Screwdriver tip: preserve the vehicle

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Screwdriver tip: preserve the vehicle
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Screwdriver tip: preserve the vehicle

Screwdriver tip: preserve the vehicle
To the nitty-gritty

First time out, then downtime. It is a shame when the mobile pedestal degenerates into a worthless heap of metal and plastic. If stored correctly, however, the motorcycle will remain tasty for many years.

Thorsten Dentges

12/13/2003

The vernacular teaches that if you rest, you rust. But what if you don’t have the time for your hobby and the machine is carelessly in the corner? Without proper preparation and care, it will go to waste. Soon it will be different again, the owner swears. If this vow is kept and if the stand has already been damaged, the resuscitation of the parked machine can turn into a tragedy. You should also take care of important insurance issues before decommissioning. For example, a retirement insurance linked to liability or partially comprehensive insurance is only valid for one year. Please note: The motorcycle must be parked in a locked parking space in order to be able to assert claims in the event of damage. Real lovers of their motorcycle, on the other hand, take care of everything early enough and take care of it accordingly during their long break. Some vintage and youngtimer fans have even created a whole arsenal of deregistered motorcycles, which are fun just by looking at them. Regardless of the reasons why the motorcycle is to be stored for a long period of time, certain rules for vehicle conservation apply. MOTORRAD shows how things get down to business.

Screwdriver tip: preserve your motorcycle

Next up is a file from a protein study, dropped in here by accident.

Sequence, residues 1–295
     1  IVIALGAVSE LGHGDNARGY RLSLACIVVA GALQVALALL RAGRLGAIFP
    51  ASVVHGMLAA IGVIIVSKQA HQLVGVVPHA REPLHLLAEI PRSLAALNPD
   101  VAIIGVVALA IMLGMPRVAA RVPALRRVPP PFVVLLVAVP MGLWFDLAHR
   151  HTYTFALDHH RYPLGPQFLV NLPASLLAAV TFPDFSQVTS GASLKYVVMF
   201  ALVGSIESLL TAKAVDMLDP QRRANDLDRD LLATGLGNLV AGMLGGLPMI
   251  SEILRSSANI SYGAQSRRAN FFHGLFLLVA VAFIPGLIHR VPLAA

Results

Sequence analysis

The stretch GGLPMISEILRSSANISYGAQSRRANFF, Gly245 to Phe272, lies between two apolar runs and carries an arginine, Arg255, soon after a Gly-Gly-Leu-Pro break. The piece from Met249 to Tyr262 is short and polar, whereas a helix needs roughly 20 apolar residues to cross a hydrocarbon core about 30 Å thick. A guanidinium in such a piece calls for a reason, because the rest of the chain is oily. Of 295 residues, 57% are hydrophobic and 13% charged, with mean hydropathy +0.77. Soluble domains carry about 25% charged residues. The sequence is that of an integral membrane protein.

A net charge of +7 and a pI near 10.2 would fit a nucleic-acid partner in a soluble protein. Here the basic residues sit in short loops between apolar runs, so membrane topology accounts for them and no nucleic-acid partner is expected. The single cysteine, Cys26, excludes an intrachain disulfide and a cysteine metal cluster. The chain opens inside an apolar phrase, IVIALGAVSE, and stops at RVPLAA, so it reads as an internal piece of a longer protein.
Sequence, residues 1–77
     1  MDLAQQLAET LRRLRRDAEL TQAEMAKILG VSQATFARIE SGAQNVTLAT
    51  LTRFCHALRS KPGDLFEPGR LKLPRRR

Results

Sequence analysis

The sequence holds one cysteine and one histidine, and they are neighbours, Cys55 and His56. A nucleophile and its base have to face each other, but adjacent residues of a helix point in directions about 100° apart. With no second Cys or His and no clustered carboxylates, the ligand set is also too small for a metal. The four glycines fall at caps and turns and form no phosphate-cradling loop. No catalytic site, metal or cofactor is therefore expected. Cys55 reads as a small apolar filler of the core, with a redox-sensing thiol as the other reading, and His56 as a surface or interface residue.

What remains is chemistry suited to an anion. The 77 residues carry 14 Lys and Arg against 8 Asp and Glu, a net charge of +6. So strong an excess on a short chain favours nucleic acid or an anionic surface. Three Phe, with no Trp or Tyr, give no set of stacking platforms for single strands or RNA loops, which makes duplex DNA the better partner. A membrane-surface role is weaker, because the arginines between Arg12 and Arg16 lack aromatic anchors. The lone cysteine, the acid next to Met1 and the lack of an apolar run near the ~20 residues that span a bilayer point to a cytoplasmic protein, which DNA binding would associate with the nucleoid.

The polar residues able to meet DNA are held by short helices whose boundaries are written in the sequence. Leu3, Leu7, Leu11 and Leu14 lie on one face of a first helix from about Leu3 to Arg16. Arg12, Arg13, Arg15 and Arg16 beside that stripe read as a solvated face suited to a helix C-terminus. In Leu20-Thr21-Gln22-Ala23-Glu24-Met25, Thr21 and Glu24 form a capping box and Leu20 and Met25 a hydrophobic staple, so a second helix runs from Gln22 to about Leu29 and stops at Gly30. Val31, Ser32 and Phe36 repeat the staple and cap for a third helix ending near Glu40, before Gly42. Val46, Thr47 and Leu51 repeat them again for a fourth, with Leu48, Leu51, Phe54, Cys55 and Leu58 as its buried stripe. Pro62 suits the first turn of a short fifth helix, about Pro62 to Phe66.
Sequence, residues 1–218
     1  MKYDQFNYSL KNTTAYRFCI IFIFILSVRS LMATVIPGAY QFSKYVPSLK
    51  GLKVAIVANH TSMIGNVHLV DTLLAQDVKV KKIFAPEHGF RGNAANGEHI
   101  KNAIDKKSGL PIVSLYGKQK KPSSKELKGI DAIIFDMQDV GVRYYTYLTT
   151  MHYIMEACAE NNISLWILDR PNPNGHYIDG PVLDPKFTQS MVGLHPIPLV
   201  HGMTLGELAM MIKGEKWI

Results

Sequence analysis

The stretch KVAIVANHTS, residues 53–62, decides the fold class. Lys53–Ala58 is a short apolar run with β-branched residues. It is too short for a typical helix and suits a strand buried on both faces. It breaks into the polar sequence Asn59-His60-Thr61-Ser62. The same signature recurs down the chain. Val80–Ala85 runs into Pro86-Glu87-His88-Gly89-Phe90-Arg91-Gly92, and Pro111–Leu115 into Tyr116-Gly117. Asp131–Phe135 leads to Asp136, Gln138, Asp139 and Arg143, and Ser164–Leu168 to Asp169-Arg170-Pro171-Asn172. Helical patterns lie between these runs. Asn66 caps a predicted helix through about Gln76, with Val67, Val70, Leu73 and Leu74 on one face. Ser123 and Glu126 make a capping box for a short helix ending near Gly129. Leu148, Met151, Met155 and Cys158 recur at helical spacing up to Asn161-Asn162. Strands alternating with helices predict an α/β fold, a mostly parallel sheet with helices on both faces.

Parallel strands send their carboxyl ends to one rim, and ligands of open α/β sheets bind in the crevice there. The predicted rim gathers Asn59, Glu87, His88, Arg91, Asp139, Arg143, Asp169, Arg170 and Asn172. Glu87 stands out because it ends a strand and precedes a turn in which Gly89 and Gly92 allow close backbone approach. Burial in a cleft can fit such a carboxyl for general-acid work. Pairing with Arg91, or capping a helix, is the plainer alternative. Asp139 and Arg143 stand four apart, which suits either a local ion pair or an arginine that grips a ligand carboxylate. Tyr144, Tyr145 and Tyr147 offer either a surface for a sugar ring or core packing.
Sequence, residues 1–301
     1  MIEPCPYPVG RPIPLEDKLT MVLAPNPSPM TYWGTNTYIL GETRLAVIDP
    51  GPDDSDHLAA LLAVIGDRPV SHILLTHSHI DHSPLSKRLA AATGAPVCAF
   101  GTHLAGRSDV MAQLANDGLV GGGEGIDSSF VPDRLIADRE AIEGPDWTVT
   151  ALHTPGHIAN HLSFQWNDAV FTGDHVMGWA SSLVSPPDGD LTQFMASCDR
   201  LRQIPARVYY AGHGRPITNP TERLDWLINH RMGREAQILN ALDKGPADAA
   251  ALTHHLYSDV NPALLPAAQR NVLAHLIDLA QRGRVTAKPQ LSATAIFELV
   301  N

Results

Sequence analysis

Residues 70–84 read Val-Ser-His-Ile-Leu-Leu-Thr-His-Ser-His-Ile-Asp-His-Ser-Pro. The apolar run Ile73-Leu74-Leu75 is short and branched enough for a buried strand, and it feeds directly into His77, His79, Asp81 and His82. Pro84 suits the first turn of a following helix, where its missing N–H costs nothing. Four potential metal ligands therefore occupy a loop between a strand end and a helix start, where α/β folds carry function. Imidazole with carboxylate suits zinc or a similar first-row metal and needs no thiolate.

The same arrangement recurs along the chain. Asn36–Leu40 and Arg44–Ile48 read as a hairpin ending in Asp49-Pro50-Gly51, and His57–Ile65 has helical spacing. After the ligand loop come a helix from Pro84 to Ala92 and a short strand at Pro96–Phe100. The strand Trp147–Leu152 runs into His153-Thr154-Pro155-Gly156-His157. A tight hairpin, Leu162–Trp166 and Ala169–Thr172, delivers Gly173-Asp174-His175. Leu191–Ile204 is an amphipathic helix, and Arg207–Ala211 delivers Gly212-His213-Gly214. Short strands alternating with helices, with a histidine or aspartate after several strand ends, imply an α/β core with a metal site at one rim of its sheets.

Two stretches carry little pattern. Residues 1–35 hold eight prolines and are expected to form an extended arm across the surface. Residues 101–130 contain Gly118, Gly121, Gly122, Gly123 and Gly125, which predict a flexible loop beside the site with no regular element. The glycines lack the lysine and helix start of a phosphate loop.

1. Wash and clean, take a shower! The dirt has to go, because it attracts moisture and thus promotes corrosion. First spray the motorcycle with a complete cleaner (recommended: Dr. Wack S100; Gericke HG Performance) and then steam it off. Do not point the steam jet directly at the bearings – otherwise lubricants could be flushed out. Washing with soapy water, a sponge and a brush is gentler. Then dry the motorcycle carefully, look for any remaining dirt and remove it with a rag. 2. Liquids The operating materials should be replaced before a longer standstill. Make sure to change the oil when the engine is still warm in order to flush out as much of the aggressive combustion residues as possible from the old oil. If necessary, also change cardan and gear oil. It is also advisable to renew the fluid for the brake system, because brake fluids are hygroscopic, i.e. they attract water, which in turn causes corrosion. If the coolant is not more than two years old, it can stay in it. Prerequisite: the water level is correct and there is sufficient frost protection. However, if the system has not been used for more than a year, it is better to completely dry it out. 3. Fill the emptied and dismantled tank with around half a liter of preservative oil and swivel it out well so that the entire interior comes into contact with it. Then empty out the excess oil and dispose of it properly. It is best to store the tank in a room with as little temperature fluctuation as possible. 4. Carburettor In any case, empty the float chambers of the carburettor before long periods of inactivity! Deposits from fuel residues sometimes form on the nozzle assemblies after just a few months. And that means a lot of work: complete disassembly and cleaning of the carburetor. 5. Battery: She prefers things dry and not too cold. Therefore remove the battery. If it is not maintenance-free, check the acid level, if necessary top up with distilled water. Store frost-free and recharge quarterly or permanently connect to a freshness-keeping device. 6. If you park your motorcycle for a long time, you should put a little preservative oil in the candle hole. Then rotate the crankshaft a few times to distribute the oil in the combustion chamber. To do this, engage a gear and turn the rear wheel several times. 7. Brakes Make sure that the disc and pads do not touch each other, especially with cast brake discs. If they rust together over time, a new, usually expensive, brake disc may have to be found. Therefore push the brake pistons all the way back before storage. 8. Paint, metal and rubberMore than just cosmetics: pampering your motorcycle with the appropriate care products from the accessories trade is an effective way of preventing aging processes. Rubber becomes brittle over time. However, glycerine and talc from the pharmacy keep it supple. The same protective effect is provided by special silicone-based plastic deep care products. They also prevent fading and can also be used for rough plastics. Never use multi-purpose sprays such as WD 40 or Caramba, because these agents remove the plasticizers from plastic and rubber. Paint and smooth plastic surfaces must first be polished and sealed with a hard wax to ensure a fresh shine. However, please do not apply either of these with paper towels, but rather with special soft textiles to avoid scratches. Before doing this, carefully examine the surface for damage and repair it. Treat all metal surfaces, especially chrome and aluminum parts, thoroughly with special metal cleaners (e.g. Autosol, Nevr Dull) and then rub in preservative oil. Thoroughly clean the chain and lubricate it well on all sides with chain spray. 9. Treat electrical connections with contact spray and then seal them with pole grease or Vaseline. This avoids corroded connections. 10. It goes without saying that if you don’t have a suitable room, such as a garage, parking space in a barn or the like, you should get rid of longer mothballing. In order not to park the motorcycle in the living room at home, ask your dealer for a rental space. It is important that the machine is kept dry and protected from sunlight. Paint, plastics and the tire rubber are sensitive to UV radiation. Also recommended: the protective cover from Corrodom (phone 06222/3879291, www.corrodom.de; from 40.85 euros). This “full-body condom” exudes a rust inhibitor in which the fully packed motorcycle is effectively protected from corrosion. Whether protective hood or not, relieve the wheels as much as possible, and also set the lowest preload on the spring elements. Properly prepared, the motorcycle can stand still for years.